February 2, 2022
Today the Office of the Special Inspector General for Afghanistan Reconstruction (SIGAR) released its fifty-fourth Quarterly Report to Congress examining the $145.87 billion U.S. reconstruction effort in Afghanistan.
- Over half of Afghanistan’s population faces a “tsunami of hunger,” according to the UN World Food Programme. The humanitarian emergency is the result of record drought, rising food prices, internal displacement, and the severe economic downturn and collapse of public services following the Taliban’s return to power in August.
- The most recent Integrated Food Security Phase Classification study found that nearly 19 million Afghans experienced acute food insecurity in September and October 2021. The report further estimates that 22.8 million Afghans will be at potentially life-threatening levels of hunger this winter, 8.7 million of whom will face near-famine conditions. WHO and WFP estimate that 3.2 million Afghan children under age five will suffer from acute malnutrition this winter, with one million at risk of dying.
- United Nations Development Programme (UNDP) reported in September that up to 97% of Afghanistan’s population was at risk of slipping below the poverty line by mid-2022 as a result of the worsening political and economic crises. UNDP’s economic models estimated it would take $2 billion in foreign aid just to lift the incomes of all Afghans in extreme poverty up to the poverty line.
- Last quarter, State Department and USAID told SIGAR that they had suspended all contact with the Afghan government, and terminated, suspended, or paused all on-budget assistance (funds provided directly to Afghan authorities and controlled by them). This quarter, USAID informed SIGAR it has resumed some off-budget (U.S.-managed) activities in Afghanistan.
- On January 11, the White House announced an additional $308 million in U.S. humanitarian aid for Afghanistan. On that same day, the United Nations launched a $5 billion funding appeal for its 2022 Afghanistan Humanitarian Response Plan, the largest single-country aid appeal in United Nations history.
- The United States remains the single largest humanitarian aid donor to Afghanistan. As of January 2022, the United States was providing $782 million in humanitarian aid in Afghanistan and for Afghan refugees in the region.
- SIGAR has developed 10 best practices for donors and implementing agencies that can help the United States accomplish the goals of protecting taxpayer funds while providing humanitarian aid to the Afghan people.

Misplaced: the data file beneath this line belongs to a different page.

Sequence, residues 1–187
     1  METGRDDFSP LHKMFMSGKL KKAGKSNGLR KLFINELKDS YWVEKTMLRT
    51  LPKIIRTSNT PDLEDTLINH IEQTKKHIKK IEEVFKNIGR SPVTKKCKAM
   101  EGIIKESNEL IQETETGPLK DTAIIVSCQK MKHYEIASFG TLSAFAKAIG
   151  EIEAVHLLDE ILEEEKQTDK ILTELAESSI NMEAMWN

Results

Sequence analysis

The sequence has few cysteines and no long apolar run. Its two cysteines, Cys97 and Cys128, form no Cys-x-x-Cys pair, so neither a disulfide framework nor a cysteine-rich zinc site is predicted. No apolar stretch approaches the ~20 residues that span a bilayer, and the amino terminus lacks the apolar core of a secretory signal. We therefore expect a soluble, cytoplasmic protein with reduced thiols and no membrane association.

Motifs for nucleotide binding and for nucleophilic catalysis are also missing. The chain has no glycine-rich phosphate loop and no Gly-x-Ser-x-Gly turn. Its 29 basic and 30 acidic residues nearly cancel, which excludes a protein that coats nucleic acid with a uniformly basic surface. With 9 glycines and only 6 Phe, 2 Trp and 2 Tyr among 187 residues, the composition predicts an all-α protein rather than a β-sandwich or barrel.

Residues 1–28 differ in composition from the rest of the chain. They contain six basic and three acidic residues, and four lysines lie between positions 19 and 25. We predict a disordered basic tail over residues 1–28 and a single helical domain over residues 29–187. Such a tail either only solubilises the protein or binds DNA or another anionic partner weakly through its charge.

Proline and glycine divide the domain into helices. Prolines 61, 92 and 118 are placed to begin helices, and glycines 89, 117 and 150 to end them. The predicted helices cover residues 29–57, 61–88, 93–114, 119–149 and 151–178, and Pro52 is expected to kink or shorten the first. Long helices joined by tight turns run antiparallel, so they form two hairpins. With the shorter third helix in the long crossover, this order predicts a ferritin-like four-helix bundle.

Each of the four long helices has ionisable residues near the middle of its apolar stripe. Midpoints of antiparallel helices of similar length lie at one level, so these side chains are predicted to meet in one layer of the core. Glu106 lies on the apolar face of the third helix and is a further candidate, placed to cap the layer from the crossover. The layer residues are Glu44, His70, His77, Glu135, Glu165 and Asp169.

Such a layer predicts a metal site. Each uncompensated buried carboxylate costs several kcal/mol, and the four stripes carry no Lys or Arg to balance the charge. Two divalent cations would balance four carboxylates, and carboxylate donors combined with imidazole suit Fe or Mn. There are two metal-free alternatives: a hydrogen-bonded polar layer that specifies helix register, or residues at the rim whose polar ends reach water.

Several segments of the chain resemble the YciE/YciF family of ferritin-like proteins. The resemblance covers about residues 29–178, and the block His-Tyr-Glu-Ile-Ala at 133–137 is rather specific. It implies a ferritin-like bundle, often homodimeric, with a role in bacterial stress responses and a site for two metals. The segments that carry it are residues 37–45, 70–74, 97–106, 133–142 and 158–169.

- Afghan opiate production in 2021 was the third highest recorded since surveying began in 1994, according to the UN Office on Drugs and Crime. The UNODC report said the gross output of the Afghan opiate economy was between $1.8 billion and $2.7 billion in 2021, comprising the equivalent of 9–14% of Afghanistan’s GDP, exceeding the value of all of Afghanistan’s officially recorded licit exports for 2020.
- Data collected from Kandahar and Helmand provinces indicate that, between June and August 2021, the uptake of maternal health services dropped by 36–47%, with the largest decline in institutional deliveries (47%). From August to September 2021 (compared to August–September 2020), the use of antenatal care declined by 21%, institutional deliveries by 29%, cesarean sections by 46%, use of child care by 15% and major surgeries by 31%, according to UNICEF and WHO.
- The Afghan-Japan Communicable Disease Hospital, Kabul’s only dedicated COVID-19 facility, reported a lack of oxygen supplies critical to patient care, as well as shortages in fuel for generators, food, and essential drugs for patients, and basic supplies like examination gloves. Supplies of some 36 essential medications had already run out by December 16.
- On December 3, the Taliban announced they were banning forced marriages in Afghanistan, declaring that women must give consent to be married. Per the decree, “a women is not a property, but a noble and free human being; no one can give her to anyone in exchange for peace … or to end animosity.” The declaration comes amid numerous reports of Afghan parents selling their daughters to feed the rest of their families as starvation grips the country this winter.
- UNDP found that restrictions on women’s employment could immediately cost the Afghan economy $1 billion, resulting in the country’s GDP dropping by another 5%. Women made up over 20% of Afghanistan’s workforce before the Taliban takeover, including thousands employed as teachers, health professionals, journalists, media presenters, civil-society representatives, judges, prosecutors, defense attorneys, and entrepreneurs.
- The Taliban have said they are developing a new education curriculum for 2022. While State told SIGAR it has no evidence that such a Taliban curriculum has yet been operational, a December 2020 report from the Taliban’s education commission sheds some light on the type of educational changes they may implement. A central theme of the report is the desire to remove “foreign influence” from the school curriculum; music and musical images are among the things that would be removed from lessons.
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